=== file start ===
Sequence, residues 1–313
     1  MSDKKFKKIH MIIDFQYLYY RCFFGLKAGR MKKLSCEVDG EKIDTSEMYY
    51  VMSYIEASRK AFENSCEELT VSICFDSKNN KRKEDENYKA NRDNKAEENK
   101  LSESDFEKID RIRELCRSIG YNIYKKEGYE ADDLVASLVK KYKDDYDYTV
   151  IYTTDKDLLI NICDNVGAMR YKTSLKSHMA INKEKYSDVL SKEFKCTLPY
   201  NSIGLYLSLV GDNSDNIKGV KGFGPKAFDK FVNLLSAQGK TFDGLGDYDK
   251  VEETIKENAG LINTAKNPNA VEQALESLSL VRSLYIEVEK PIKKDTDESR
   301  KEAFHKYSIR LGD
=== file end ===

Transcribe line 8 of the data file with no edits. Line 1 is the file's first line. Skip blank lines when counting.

   301  KEAFHKYSIR LGD